Sociable Reading: Book Slam presents ‘Love Bites’

book slamFrancesca BeardDan RhodesKatie & RichardAidan MoffatTim Key

Event: Book Slam presents ‘Love Bites’

Who: Book Slam is the brainchild of cultural aficionados who mix together the best in books, music and theatre in one big melting point to produce the best and only literary nightclub (usually) on a monthly basis.

What: ‘Love Bites,’ an anti-valentine’s day themed evening centered around Dan Rhodes’ new novel Marry Me .

Where: The Clapham Grand – old theatre, new nightclub – excellent live venue.

When: Thursday 7th February 7.30-10pm (usually events take place the last Thursday in the month)

Refreshments: A bottle of Becks. Plus a chicken, pepper & caramelized onion ciabatta doused in balsamic vinegar for the bargainous sum of £3.

Review:

I had never been to a Book Slam event or The Clapham Grand so I didn’t know what to expect from either. I was pleased to enter a venue that still had the remnants of an old theatre and was set out as-if for a stand-up gig with a mish mash of tables and stools. The stage also had some great alphabetical visuals to enjoy before the acts started. Stool picked, beer bought (shocker – friendly bar staff) and sandwich eaten I was ready to be entertained.

Francesca Beard – A self proclaimed poet and our slightly intense Master of Ceremonies for the evening. We were treated to three of her poems which I enjoyed and also taught the Book Slam rules which were’ Mobile phones off’ and ‘Shut the Fuck up’ – both these rules were perfectly fine and abided by.

Dan Rhodes – Author of many humorous books who was reading sections from his new book ‘Marry Me’. I was pleased to learn that Rhodes is a fan of Sabrina the Teenage Witch, less happy about his penchant for spaghetti sandwiches. I enjoyed his dead-pan delivery and the stories ranged from the depressing to downright ridiculous. There were some genuine laugh out loud moments but some did fall short – at one point there was an awkward silence when there should have been laughter. He was an entertaining performer, although not sure I’ll be buying the book.

‘Dirty Great Love Story’ –  Performing duo Katie Bonna and Richard Marsh treated us to a snippet of their poetry-prose fusion dealing with the modern day question of, ‘can a one night stand turn into true love.’ Bonna was brilliant in her role as heartbroken girl and uber posh ‘totes, amaze horse horse rah rah,’ friend, and Marsh was endearingly lovable as her slightly nerdy and awkward male counterpart. The scene played on relationship stereotypes and doffed a cap to the hell that is Hen and Stag parties. They’re performing the full version of this theatrical treat at the Soho Theatre in March – I will be going buy your tickets and join me.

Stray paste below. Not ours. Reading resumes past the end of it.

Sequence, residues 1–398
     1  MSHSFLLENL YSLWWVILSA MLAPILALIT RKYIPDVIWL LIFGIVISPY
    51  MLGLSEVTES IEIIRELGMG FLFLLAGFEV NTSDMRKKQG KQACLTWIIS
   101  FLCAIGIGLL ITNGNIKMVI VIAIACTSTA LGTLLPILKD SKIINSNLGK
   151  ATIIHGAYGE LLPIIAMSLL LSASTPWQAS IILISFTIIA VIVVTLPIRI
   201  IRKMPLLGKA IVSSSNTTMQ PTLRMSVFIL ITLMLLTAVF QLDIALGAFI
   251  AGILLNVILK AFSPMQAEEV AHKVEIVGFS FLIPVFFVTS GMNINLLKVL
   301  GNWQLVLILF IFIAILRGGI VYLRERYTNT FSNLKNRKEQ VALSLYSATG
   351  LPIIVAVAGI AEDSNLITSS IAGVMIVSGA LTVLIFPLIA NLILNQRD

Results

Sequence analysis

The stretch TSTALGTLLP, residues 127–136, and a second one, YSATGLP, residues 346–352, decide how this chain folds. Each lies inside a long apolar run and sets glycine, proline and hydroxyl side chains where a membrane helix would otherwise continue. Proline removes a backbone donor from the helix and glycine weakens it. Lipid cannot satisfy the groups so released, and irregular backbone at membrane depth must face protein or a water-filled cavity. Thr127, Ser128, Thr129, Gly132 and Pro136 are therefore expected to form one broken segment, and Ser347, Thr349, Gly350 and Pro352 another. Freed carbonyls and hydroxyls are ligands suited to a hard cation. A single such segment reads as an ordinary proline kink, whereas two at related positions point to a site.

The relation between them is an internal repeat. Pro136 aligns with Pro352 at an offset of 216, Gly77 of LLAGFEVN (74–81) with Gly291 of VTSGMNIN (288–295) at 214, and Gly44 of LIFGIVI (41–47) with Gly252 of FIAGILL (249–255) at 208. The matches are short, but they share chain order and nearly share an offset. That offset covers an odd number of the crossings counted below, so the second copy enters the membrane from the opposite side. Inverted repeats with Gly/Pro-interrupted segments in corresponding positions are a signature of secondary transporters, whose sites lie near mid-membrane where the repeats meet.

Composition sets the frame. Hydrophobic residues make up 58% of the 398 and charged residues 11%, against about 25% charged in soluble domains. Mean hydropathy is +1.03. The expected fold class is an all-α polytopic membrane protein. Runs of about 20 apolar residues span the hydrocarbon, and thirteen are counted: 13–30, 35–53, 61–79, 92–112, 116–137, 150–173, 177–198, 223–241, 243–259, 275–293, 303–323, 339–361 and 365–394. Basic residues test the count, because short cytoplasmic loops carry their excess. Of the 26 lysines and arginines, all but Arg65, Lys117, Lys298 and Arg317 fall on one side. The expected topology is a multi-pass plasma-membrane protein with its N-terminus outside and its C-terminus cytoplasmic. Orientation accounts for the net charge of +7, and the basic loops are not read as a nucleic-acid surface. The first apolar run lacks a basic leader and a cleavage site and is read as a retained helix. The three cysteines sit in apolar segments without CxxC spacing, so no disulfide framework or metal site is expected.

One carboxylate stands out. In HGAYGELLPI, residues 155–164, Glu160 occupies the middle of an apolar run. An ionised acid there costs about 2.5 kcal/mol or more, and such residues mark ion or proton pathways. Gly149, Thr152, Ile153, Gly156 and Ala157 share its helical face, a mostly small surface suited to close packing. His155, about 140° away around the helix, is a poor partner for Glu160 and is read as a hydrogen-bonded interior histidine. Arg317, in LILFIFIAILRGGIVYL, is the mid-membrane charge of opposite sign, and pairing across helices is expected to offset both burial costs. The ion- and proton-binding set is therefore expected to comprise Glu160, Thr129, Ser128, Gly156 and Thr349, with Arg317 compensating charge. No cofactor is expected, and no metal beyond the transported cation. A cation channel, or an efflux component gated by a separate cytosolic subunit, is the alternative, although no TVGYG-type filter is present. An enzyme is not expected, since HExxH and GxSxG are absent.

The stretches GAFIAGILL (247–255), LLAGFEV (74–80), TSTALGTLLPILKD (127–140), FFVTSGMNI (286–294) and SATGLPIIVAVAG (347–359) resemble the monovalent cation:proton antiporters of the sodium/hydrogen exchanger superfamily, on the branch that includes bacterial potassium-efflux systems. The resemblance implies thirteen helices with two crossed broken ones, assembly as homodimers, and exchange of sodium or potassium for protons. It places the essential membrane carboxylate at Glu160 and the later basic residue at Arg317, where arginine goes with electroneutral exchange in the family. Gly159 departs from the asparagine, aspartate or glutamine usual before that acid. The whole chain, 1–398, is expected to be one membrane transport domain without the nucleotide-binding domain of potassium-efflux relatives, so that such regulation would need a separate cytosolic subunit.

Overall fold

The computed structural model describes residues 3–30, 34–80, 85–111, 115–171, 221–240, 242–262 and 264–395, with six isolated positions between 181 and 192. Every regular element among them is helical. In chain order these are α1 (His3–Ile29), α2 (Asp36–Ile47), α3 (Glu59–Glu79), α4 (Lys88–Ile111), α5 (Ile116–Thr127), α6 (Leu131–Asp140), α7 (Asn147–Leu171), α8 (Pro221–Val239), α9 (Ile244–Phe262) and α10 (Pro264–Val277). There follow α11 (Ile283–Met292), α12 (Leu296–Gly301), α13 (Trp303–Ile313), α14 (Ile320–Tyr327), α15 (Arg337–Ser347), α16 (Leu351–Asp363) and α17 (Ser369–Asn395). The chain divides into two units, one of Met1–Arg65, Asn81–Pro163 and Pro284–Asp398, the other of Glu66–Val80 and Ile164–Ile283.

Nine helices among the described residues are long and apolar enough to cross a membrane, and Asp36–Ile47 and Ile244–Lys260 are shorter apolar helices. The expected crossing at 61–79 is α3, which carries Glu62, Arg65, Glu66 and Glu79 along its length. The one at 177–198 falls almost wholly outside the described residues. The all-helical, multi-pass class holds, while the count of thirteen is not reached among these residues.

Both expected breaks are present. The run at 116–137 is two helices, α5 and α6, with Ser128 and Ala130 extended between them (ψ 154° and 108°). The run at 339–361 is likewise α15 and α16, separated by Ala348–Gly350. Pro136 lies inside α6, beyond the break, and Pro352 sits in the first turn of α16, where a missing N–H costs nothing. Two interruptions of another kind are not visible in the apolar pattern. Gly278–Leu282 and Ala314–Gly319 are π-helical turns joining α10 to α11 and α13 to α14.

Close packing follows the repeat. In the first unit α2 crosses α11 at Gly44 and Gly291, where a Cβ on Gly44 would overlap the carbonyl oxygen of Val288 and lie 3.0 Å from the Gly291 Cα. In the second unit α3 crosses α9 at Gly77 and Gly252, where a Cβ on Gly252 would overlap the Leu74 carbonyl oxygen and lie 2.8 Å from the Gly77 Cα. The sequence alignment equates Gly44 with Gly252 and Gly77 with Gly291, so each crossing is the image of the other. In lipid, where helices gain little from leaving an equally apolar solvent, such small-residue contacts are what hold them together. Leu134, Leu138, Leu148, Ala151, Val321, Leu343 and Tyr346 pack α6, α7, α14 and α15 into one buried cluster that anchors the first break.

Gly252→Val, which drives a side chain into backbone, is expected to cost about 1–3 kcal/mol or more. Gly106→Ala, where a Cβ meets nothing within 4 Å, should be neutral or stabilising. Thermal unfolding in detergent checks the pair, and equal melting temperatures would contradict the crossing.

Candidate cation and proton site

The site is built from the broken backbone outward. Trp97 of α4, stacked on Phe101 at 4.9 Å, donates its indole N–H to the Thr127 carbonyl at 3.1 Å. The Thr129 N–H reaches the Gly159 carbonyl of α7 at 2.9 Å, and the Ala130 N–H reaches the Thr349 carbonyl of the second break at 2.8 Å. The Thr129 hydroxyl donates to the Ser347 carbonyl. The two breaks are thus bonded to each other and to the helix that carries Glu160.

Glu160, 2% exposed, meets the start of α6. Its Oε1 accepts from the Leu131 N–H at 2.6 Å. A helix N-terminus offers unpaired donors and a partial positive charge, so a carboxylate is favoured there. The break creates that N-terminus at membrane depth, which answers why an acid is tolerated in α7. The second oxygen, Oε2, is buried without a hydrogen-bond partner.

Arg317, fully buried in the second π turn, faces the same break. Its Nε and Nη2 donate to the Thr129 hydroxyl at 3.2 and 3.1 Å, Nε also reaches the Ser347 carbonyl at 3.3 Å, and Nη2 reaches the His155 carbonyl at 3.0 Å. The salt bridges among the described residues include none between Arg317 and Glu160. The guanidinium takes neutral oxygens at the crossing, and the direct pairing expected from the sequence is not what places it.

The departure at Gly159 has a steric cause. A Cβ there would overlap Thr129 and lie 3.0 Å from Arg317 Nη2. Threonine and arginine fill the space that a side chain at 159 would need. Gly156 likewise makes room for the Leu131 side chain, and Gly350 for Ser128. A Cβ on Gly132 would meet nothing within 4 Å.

Sam Smith – The surprise guest of the evening was a twenty-something musician. He could sing, however, personally, the style wasn’t too my taste and was slightly reminiscent of a cruise ship entertainer. It wasn’t the best venue for the strength/volume of his singing and it was slightly painful on the ole eardrum at times. He was accompanied by a guy on the keyboard and a cellist – who looked unimpressed at being there but was actually my favourite part!

Tim Key – Performance poet and genuinely entertaining buffoon. To my shame I’d never heard of Tim Key but now I’m a fully fledged fan, I will stalk him on the comedy circuit or in life I’m not sure which yet. My favourite of his jokes, if you can call it that, was ’24 million gentleman squabble over 40 hats‘ which in itself is random at best – however, Key’s delivery was comedy genius, another was about owls, but I’ll leave you to discover that one for yourself. His performance was perfected to a tee from the awkward placement of his feet to the frequent conversations with his musical maestro ‘George.’ If you get the chance go and see this man!

Aidan Moffat – Scottish musician, who I’m sure I saw perform at Apple Cart Festival in 2012?! His gritty voice and lyrics are both thoughtful and bloody funny, I especially enjoyed his soul search into whether Danny and Sandy’s love lasted after Grease Lightening landed. Moffat’s closing poem about ‘The Lavender Blue Dress’ was a heart-warming addition to a somewhat cynical program of performers.

Overall regardless of the minor musical blip and slightly intense master of ceremonies this was a bloody fantastic evening with A-star entertainment and genuine laugh out loud moments for the bargainous price of £6 – I will definitely be going to another Book Slam event!

Extras: The cloakroom is £2 per item – bit annoying when you have motorbike helmets, ended up costing £6 before we’d even got in!

Rating: 9 out of 10

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